by RB, massage therapist, mother, artist, business owner.
Recently I was away from home, studying and training for a week. I developed a pain in my back which got worse by the day, but because I am always so tough on myself, I just continued on regardless. It was compulsory work training, after all!
I have never taken much medication – instead I have been the hippy herbalist who would avoid doctors and medications at all costs – but this time the pain was getting too intense. I started taking off-the-shelf pain killers to the maximum dose and was still not getting any relief. I tried hot showers, sleeping on the floor, walking, moving, whatever, to just get relief from the pain, but it kept increasing.
By the end of the week, the pain was crazy, so I asked my trainer if I could leave early and drove home. I tried to play with the kids when I got home, but was really struggling with the pain, and the next morning my flat mate tried to convince me to go to the hospital or at least to see a doctor. I kept saying I would be okay, but when I realised that I couldn’t urinate anymore, I finally admitted something was wrong.
In hindsight, if I had actually stopped and felt the pain I was in, I should have been to see a doctor or gone to the hospital earlier but I am used to not caring fully for my body, to over-riding the signals it gives me and most of all, to pushing on through. I can see now how I chose to abuse my body by not going to doctors and getting support over the years, instead choosing to be in pain and suffer.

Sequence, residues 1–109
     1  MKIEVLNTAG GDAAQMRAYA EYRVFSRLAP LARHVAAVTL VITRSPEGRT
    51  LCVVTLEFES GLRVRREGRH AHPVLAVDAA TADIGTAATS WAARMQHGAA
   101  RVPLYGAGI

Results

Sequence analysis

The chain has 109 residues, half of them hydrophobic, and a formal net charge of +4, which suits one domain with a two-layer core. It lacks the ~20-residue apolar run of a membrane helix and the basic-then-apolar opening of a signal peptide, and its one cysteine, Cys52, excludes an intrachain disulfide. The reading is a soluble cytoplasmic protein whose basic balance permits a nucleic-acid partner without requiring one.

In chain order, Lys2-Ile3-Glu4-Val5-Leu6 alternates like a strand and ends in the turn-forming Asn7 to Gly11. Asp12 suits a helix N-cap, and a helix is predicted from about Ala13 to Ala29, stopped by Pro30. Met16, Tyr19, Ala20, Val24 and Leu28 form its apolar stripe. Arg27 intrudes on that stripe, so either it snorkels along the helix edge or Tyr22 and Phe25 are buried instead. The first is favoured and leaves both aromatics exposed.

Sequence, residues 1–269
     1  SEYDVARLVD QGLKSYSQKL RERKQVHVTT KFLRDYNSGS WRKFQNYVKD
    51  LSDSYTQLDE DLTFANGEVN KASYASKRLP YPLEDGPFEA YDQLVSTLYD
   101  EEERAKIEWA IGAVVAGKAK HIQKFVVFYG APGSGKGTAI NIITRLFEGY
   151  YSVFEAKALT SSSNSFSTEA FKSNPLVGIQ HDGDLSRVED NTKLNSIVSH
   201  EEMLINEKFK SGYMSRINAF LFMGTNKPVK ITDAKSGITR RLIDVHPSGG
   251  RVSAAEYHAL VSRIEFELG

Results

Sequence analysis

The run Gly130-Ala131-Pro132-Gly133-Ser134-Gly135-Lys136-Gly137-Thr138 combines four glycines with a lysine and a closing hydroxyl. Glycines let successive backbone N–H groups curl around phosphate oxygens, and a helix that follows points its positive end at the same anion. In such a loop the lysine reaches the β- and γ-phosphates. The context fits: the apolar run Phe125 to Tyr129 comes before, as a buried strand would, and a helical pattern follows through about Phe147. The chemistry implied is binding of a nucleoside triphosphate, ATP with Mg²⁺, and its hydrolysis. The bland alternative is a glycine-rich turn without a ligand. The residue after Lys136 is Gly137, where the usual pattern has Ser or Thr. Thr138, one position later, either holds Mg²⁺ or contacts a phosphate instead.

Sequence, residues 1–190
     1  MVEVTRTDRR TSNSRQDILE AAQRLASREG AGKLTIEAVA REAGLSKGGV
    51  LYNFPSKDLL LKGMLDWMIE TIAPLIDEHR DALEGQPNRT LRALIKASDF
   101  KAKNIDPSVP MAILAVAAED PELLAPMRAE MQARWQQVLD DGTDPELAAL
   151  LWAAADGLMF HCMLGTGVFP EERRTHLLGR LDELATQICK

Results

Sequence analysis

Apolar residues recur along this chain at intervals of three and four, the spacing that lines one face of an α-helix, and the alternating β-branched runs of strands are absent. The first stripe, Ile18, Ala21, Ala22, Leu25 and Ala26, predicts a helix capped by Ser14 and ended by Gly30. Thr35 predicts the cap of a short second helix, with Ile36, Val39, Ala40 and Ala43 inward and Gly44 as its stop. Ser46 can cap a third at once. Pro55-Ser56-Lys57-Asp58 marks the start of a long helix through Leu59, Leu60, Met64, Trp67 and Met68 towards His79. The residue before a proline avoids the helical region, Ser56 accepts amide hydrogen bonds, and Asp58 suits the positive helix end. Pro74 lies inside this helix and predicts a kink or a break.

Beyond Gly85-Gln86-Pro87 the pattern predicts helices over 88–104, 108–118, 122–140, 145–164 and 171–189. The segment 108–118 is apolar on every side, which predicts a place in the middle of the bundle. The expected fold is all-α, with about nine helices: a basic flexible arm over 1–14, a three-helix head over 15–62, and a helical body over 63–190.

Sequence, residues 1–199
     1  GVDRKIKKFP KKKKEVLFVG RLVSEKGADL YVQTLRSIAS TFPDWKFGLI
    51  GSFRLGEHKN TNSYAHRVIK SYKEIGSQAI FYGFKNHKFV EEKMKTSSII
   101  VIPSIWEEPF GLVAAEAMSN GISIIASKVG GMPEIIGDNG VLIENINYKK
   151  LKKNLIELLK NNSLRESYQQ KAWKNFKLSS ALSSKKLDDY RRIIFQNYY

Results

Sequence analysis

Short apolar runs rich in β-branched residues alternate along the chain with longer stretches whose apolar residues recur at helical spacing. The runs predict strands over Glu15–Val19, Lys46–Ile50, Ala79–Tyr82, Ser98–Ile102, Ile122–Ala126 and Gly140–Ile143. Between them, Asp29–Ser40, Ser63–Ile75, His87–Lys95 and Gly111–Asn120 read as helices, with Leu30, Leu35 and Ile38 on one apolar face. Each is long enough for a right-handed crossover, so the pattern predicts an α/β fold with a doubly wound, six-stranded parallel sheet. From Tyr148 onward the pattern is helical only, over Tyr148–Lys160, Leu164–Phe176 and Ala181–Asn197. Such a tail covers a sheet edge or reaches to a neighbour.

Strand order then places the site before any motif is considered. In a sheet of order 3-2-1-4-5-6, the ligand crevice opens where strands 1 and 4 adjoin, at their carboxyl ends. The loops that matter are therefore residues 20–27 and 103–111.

My time in hospital was pretty short, I spent three days there and during that time, although I was in considerable pain and on a lot of medication, I really enjoyed meeting the nurses and doctors who were caring for me. I got to know some of their names, who they were, what their story was and it was lovely because I could really feel how much they cared. I watched how some of the other patients treated these nurses and doctors with such disrespect. It saddened me to hear how they were spoken too. I can understand it is hard when you are in a lot of pain, but that gives no excuse to abuse the staff who work long hard hours to care for us. It made me aware of how so many of us abuse our own bodies, and then end up in hospital and expect someone else to fix us, without taking any responsibility for what brought us there in the first place.
We expect so much from others, yet we don’t even give that to ourselves.
I could also see how easy it could be for me to resist the care that they were offering, to fight and not be open to receiving them and what they brought.
In the past I have found it hard to trust people, but on this occasion I let go of all that, and the result was so beautiful.
I learned a little more about letting people in, to my heart and to my life, about trusting and allowing them to help me, and the joy and healing this can bring.
578 thoughts on “My First Hospital Experience”
One of the things I appreciate about doctors and professionals involved with medicine is the lack of judgement. For them it’s a normal day to meet many people with health issues and although that’s what they deal with in the consult they meet me as a person, and embrace me without any judgement. There is a lot to appreciate about the qualities of the people who have dedicated their lives to assisting others.